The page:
Gamo MOD. 610
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- Last updated: 13/12/2016
Unlike many of the budget priced Gamo rifles that I’ve been looking at lately, MOD. 610 is blessed with a traditional hard wood stock rather than a synthetic. The simple beech stock has a mid brown stain and a light amount of lacquering to protect it from the elements. The cheekpiece is quite angular and clearly defined and the butt is finished with a ventilated rubber shoulder pad. Two sets of chequering panels adorn each side of the relatively narrow necked pistol grip, while the forend is plain but quite deep with a rounded underside.
At 43.5” from butt to muzzle the 610 is a full length sporter, and weighs in at around 6.2lbs un-scoped. Balance is good and the 610 sits nicely into the shoulder.
The action has a progressively hefty cocking stroke and although its 17.5” barrel offers more than ample leverage, I can only presume that the slim relatively short air cylinder is home to quite a strong spring. The good news is that the barrel locks up very securely both in the open and closed position, and on inspection of the breech area I was pleased to see Gamo have used a wedge shape-securing latch that engages with a bar when the rifle is in the closed position. I say this as rifles of this ilk and budget price bracket, often have a less efficient sprung ball catch which doesn’t offer such a solid lock up.
Using the open sights, even after my initial first few shots to set zero, I was very pleasantly surprised at how low the recoil and muzzle report actually were. Maybe it was because of the cocking effort I imagined it was going to be a tad unruly in this department but I needn’t have worried. Power output was approximately 10ft/lbs depending on the weight of the ammo. The open sights are of the fibre optic enhanced variety or ‘Tru-Glo’ as they’re now commonly referred to. The foresight assembly is a raised red fibre optic band (as seen from the side) showing as a dot from the rear whilst the rearsight has windage and elevation thumbwheels which operate positively and precisely.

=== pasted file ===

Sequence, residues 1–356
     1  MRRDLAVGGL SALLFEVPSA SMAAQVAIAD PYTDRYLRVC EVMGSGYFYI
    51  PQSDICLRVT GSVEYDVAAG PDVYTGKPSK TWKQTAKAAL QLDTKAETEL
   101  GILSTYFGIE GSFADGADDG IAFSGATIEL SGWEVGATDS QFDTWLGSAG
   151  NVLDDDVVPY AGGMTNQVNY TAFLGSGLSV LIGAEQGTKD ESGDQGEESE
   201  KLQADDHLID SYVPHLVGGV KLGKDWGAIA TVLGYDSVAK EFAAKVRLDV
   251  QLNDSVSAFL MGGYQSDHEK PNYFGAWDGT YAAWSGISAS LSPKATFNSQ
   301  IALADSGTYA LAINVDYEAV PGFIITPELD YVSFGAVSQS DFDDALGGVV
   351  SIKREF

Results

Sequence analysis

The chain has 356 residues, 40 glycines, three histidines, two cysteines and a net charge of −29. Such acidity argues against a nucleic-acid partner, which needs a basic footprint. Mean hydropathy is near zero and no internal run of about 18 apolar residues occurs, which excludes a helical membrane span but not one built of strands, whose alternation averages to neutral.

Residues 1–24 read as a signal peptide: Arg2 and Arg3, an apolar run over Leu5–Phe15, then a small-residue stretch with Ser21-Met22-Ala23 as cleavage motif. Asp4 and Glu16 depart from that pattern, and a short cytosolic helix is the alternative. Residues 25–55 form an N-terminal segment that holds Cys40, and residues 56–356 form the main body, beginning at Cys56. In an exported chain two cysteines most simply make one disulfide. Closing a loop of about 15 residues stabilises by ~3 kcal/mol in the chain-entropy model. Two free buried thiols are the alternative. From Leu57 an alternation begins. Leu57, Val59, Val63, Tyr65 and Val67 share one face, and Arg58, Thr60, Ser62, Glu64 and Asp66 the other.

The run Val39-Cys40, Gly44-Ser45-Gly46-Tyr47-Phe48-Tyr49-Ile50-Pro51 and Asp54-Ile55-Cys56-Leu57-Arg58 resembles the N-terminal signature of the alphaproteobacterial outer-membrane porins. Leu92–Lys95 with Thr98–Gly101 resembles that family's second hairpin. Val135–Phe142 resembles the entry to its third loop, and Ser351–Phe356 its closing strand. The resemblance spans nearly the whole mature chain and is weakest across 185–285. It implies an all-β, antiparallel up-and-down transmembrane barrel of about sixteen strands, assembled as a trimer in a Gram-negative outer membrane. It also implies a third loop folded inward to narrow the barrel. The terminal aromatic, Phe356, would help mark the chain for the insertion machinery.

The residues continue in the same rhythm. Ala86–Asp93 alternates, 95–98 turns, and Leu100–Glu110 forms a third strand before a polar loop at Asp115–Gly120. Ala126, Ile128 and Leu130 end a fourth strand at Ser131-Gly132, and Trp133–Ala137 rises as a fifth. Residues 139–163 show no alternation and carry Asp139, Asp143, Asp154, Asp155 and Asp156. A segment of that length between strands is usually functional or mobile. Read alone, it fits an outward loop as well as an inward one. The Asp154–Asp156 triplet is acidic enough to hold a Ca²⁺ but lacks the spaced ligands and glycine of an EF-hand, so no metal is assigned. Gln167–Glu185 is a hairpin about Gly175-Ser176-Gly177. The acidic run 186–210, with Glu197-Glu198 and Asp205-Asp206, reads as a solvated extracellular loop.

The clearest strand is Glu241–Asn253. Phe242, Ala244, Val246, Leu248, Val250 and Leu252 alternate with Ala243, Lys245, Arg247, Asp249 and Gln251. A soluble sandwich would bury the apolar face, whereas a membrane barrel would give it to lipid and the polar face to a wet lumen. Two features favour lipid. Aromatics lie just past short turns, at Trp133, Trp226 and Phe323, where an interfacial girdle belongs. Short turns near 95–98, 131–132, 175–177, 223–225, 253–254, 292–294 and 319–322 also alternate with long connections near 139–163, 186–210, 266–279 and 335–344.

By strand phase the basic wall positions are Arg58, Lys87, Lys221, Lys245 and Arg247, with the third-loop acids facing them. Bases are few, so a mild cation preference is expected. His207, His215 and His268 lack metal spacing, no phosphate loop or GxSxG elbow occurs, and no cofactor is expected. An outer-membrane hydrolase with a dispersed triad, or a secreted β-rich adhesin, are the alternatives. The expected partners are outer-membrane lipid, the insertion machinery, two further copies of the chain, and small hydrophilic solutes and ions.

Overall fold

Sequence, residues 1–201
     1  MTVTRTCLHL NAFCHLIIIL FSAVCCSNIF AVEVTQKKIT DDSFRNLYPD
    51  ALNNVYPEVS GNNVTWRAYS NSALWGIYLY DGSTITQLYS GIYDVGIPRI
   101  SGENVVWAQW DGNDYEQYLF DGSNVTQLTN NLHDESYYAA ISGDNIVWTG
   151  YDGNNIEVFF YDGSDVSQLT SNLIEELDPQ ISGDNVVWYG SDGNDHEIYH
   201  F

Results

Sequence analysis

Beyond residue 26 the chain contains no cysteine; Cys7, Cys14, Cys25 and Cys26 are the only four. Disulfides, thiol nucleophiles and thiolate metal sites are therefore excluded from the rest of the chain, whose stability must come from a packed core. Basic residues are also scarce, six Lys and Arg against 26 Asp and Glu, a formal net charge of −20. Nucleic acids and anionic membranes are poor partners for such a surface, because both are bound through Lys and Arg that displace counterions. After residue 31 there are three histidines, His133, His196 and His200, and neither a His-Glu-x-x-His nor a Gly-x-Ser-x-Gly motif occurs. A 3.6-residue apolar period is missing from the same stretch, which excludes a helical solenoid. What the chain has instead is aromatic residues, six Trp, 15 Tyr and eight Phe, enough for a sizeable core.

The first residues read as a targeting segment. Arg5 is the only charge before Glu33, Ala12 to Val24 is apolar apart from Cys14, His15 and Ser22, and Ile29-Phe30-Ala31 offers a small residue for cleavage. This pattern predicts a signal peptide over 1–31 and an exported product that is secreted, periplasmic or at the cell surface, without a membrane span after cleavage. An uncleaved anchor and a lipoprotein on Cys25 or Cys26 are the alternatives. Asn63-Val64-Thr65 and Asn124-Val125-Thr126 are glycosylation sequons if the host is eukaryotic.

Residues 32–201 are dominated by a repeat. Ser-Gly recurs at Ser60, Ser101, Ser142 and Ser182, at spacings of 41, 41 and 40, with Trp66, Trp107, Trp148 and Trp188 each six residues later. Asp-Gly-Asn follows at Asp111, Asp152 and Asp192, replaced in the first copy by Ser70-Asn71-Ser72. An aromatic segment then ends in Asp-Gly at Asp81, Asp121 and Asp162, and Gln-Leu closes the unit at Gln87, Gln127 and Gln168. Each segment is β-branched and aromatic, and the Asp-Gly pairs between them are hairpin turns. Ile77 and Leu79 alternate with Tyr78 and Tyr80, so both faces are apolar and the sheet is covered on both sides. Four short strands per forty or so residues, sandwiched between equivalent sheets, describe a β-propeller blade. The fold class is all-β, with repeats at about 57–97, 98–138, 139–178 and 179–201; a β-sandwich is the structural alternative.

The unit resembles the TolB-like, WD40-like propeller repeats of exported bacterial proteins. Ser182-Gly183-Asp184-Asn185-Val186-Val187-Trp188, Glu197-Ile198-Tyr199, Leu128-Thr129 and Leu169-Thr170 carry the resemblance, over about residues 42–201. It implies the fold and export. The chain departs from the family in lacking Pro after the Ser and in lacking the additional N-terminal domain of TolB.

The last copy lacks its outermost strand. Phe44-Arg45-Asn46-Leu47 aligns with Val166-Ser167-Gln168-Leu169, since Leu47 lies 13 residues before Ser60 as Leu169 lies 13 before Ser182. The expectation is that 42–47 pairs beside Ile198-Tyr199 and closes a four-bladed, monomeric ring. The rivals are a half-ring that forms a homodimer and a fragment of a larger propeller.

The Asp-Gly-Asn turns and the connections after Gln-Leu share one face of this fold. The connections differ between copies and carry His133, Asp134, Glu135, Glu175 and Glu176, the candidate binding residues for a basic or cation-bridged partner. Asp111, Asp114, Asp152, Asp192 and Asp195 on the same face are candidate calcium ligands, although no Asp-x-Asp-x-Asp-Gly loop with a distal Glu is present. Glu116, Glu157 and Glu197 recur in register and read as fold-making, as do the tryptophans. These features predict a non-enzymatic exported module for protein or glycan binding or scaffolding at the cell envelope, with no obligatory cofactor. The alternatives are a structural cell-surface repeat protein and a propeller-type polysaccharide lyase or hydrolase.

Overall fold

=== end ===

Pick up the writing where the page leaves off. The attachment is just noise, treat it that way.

Shooting the test rifle open sighted was a lot of fun and respectable size groups can easily be achieved at sensible ranges. As the rifle is designed to be more of a plinker with punch, with a secondary use as a close range ratter, I used open sights for most of the test period.
Usually with rifles in this sort of price bracket 1” groups aren’t hard to achieve at reasonable plinking ranges and with a little practice. In that respect the 610 didn’t disappoint, as it regularly brought in ragged ¾” groups at 12-yds.
A relatively lengthy set of well machined dovetails along the top of the cylinder give a good base for mounting a scope. With a Gamo 3 – 9 X 40IR scope on-board I pushed the deceptively punchy rifle to 25yds and though groups opened up to a tad over 1” c-c I’d still feel confident taking smaller quarry out to 20-yds.
The 2-stage adjustable trigger unit is Gamo’s usual layout with a smaller ‘in trigger guard’ safety trigger blade positioned in front of the main blade. Both are manufactured from metal and the manual safety can be pushed forward to disengage with the front of your trigger finger if it has already been pre-set. Should you decide holding off taking the shot then it’s a simple case of pulling the safety blade back into the engaged position. Gamo have retained the old style squared off plastic trigger guard instead of changing to the more rounded metal design found on the latest models of their rifles.
To sum up, if you need a simple to operate, quite powerful plinker cum close range pest control rifle for rats, feral pigeons and the like, then the break barrel Gamo MOD.610 can certainly fulfil that requirement. If you want something with a little more power (at a slightly higher price), you can go for one of Gamo’s more refined (and pricier) models, such as their CF-30 underlever cocking rifle.